Weeds in our Area (Part Ninety Two) By Bob and Ena McIntyre – Garden Route Robinia pseudoacacia




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Weeds in our Area (Part Ninety Two)

By Bob and Ena McIntyre – Garden Route


Robinia pseudoacacia

(False acacia/Black locust/Witakasia)
An important note with regard to CONTROL - clearly, the most obvious solution to prevent the proliferation of invasive species by wind or bird dispersal is, where practical, to prevent them from flowering. In the case of Agaves (Part Ninety One), simply cut off the pole before the plants set seed or form bulbils.
In researching our topic for this edition we came across Robinia pseudoacacia originating from the eastern and central parts of the USA. This particular subject illustrates beautifully just how easily keen gardeners can inadvertently plant a problem. Robinia pseudoacacia have been around in South African gardens for many decades and were cultivated for a variety of other uses. Tolerant of all sorts of neglect and harsh conditions with the added bonus that it shed its foliage in winter – letting in the sunlight - and then came alive in spring with a profusion of attractive, fragrant flowers, it was highly recommended as an ornamental in all our reference books pre-1980. Not that it disappears after that date, on the contrary, one then reads about it being used specifically as rootstock for propagation by grafting, of Robinia hispida (Rose acacia), a much smaller plant but very popular as a standard. Of course today with an abundance of commercial nurseries, home gardeners are less likely to do their own grafting and we buy already grafted plants. Even the earliest books acknowledged the awful invasive habits of the Robinia pseudoacacia rootstock warning that all root-suckers of Robinia hispida are to be removed the moment they appear. To add to its list of undesirable qualities; the seeds, leaves and inner bark of Robinia pseudoacacia are poisonous.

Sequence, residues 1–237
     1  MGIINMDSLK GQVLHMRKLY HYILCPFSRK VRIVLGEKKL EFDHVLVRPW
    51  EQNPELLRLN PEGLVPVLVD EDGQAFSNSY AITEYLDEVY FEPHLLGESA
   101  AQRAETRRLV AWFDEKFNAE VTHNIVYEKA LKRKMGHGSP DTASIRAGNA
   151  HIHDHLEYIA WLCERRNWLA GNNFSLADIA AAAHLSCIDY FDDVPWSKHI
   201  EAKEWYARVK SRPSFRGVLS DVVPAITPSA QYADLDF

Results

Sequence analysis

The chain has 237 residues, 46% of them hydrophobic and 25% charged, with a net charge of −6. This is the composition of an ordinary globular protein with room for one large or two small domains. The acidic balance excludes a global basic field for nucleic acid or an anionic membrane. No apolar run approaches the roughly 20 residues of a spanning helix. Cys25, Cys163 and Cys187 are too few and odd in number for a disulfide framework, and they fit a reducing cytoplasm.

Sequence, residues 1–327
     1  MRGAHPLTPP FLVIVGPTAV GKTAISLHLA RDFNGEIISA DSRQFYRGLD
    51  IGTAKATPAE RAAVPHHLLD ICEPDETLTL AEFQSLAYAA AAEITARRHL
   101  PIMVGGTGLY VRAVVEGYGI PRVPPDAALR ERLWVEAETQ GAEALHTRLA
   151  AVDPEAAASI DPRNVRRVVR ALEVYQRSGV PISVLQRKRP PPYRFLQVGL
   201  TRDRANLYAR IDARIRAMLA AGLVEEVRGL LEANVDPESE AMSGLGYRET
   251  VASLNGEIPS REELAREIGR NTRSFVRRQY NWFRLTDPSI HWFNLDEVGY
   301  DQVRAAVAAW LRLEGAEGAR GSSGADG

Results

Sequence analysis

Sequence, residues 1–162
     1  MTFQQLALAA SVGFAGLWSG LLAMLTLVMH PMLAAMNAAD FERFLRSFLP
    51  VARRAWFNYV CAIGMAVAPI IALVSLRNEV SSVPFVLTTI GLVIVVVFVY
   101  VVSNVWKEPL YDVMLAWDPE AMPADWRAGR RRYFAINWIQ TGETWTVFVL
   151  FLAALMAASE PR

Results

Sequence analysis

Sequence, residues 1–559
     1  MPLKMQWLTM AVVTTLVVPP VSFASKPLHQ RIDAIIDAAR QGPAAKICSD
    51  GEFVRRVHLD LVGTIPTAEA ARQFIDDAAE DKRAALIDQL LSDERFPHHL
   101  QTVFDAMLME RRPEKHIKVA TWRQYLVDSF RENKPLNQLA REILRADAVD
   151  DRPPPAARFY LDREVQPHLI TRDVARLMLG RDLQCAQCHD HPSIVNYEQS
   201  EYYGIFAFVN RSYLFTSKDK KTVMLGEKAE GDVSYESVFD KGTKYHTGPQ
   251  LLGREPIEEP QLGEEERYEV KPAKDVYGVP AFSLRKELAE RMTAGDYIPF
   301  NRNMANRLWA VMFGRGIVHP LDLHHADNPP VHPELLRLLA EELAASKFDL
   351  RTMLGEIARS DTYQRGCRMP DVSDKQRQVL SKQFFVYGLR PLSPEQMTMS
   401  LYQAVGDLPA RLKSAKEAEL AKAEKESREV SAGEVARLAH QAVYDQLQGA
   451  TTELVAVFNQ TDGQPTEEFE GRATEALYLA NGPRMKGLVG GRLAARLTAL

Identification: The False acacia is a fairly tall (up to 25m) deciduous tree with an attractive shape. The light green leaves are compound (pinnate) and the trunk is dark brown and irregular. Young stems and branches are armed with short paired spines. The flowers are white and fragrant in drooping sprays of 100-200mm and appear from September to November. Fruits are reddish brown pods that remain on the tree in the winter months.
Invasive status: Declared invader Category 2. (Can only be grown with a permit in demarcated areas and measures in place to prevent their spread) The plants sucker prolifically and invade riverbanks, dongas and roadsides where they form dense stands of plants interconnected by one root system.
Control: Two herbicides are registered for basal stem application (up to 100mm diameter); Ranger 240EC and Garlon 480 EC. For foliar application there are Confront 360 SL and Plenum 160 ME as full cover spray on actively growing plants. Continue monitoring for possible re-growth. Even when physically removing this tenacious plant, follow-up is necessary. Cutting down suckers stimulate growth.
Indigenous substitutes: Baphia racemosa (Violet pea, Natal Camwood), Peltophorum africanum (Weeping Wattle) Podylaria calyptrata (Sweetpea Bush),Indigofera frutescens (River Indigo), podylaria myrtifolia (September bush),
References: Alien Weeds and Invasive Plants by Lesley Henderson, Copyright © 2001 Agricultural Research Council, Problem plants of SA by Clive Bromilow, A-Z of Gardening in SA, W. Sheat. Ornamental Shrubs and Trees, Una v/d Spuy, Flowering Shrubs and Trees, Sima Eliovson


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